UA Astronomy Benefactor Richard F. Caris Dies at 81
His gift of $20 million enabled the UA to be a founding partner of the Giant Magellan Telescope, and the University's world-renowned Mirror Lab was renamed after him nearly a year ago.
Richard F. Caris, a friend and valued supporter of astronomy and the University of Arizona for whom the UA's Steward Observatory Mirror Lab was renamed in the fall of 2015, died on Aug. 9 in his home in Scottsdale, Arizona. He was 81.
Caris was the founder of Interface Inc., a world leader in force measurement solutions including custom load cells for large telescope mirror support systems such as those built and used by the UA. His philanthropy was inspired by his readings of industrialist Andrew Carnegie. As Caris said, "Carnegie’s entrepreneurial spirit and gift of monies and support to 'just get it done' was a very admirable trait and a way of making sure I was supporting the right causes."
For more than 15 years, Caris shared his curiosity, passion and drive to get things done with the UA's Steward Observatory, Astronomy Camp, Mount Lemmon Sky Center and Mirror Lab. His financial support helped initiate the Large Synoptic Survey Telescope project and — through a December 2014 gift of $20 million — enabled the UA to be a founding partner of the Giant Magellan Telescope. When the construction of the GMT is completed in 2025 in Chile, it will be the largest optical telescope ever built, having an effective 25-meter diameter primary mirror.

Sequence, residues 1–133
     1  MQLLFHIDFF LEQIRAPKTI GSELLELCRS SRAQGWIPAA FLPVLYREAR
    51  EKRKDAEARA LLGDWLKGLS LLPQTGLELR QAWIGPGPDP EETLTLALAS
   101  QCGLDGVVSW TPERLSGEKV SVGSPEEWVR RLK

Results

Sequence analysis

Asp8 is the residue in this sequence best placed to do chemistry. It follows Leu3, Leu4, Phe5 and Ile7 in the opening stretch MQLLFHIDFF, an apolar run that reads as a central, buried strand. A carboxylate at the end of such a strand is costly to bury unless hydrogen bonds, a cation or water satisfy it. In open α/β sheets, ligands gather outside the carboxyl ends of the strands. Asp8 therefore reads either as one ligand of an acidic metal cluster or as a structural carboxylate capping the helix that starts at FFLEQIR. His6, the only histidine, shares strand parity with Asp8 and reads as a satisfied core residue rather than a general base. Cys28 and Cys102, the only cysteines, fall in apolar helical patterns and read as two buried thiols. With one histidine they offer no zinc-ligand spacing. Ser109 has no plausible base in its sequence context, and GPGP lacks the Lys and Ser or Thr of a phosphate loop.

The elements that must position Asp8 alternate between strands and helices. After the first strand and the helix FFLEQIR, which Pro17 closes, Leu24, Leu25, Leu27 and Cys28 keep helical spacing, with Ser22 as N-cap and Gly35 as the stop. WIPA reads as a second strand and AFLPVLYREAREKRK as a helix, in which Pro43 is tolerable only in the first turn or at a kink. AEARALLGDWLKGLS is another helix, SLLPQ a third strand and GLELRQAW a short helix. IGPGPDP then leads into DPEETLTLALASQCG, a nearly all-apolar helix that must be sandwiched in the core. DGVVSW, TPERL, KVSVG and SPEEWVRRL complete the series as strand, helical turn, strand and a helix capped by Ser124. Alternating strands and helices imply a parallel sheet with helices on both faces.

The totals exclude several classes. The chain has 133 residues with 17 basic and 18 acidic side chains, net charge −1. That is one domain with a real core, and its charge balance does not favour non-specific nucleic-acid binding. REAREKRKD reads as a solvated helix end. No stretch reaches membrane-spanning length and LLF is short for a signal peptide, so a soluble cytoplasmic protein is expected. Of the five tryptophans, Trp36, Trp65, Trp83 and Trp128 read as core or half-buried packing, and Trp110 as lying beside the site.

The Mirror Lab, built in 1980 and located underneath the east wing of Arizona Stadium, is now the Richard F. Caris Mirror Lab in honor of the gift by Caris. For more than a decade, Caris was involved with the Arizona Astronomy Board, an advisory and philanthropic support panel for the UA Department of Astronomy and Steward Observatory. He gave more than $2 million to fund the primary/tertiary mirror for the Large Synoptic Survey Telescope in Chile.
Under the leadership of its director, UA Regents' Professor Roger Angel, the Mirror Lab has earned international recognition for producing giant, lightweight mirrors of unprecedented power for a new generation of optical and infrared telescopes.
A short film tribute to Caris was shown at the rededication of the Mirror Lab. UA President Ann Weaver Hart said, "The Richard F. Caris Mirror Lab is critical to the state of Arizona. It has world-class physics, world-class optics and world-class manufacturing right here under Arizona Stadium. Mr. Caris has helped make this possible through his vision and philanthropy."
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